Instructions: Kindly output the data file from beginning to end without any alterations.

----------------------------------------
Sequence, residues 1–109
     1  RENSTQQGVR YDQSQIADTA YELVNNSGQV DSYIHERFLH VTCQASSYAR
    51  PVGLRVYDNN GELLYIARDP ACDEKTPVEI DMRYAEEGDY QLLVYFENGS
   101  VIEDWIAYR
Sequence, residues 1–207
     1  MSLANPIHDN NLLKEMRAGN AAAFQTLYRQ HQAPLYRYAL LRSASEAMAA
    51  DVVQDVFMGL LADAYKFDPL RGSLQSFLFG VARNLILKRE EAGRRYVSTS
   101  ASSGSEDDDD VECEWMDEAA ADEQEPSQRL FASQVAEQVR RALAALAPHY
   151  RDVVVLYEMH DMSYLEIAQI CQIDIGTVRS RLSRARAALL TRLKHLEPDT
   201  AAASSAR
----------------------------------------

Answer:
Sequence, residues 1–109
     1  RENSTQQGVR YDQSQIADTA YELVNNSGQV DSYIHERFLH VTCQASSYAR
    51  PVGLRVYDNN GELLYIARDP ACDEKTPVEI DMRYAEEGDY QLLVYFENGS
   101  VIEDWIAYR
Sequence, residues 1–207
     1  MSLANPIHDN NLLKEMRAGN AAAFQTLYRQ HQAPLYRYAL LRSASEAMAA
    51  DVVQDVFMGL LADAYKFDPL RGSLQSFLFG VARNLILKRE EAGRRYVSTS
   101  ASSGSEDDDD VECEWMDEAA ADEQEPSQRL FASQVAEQVR RALAALAPHY
   151  RDVVVLYEMH DMSYLEIAQI CQIDIGTVRS RLSRARAALL TRLKHLEPDT
   201  AAASSAR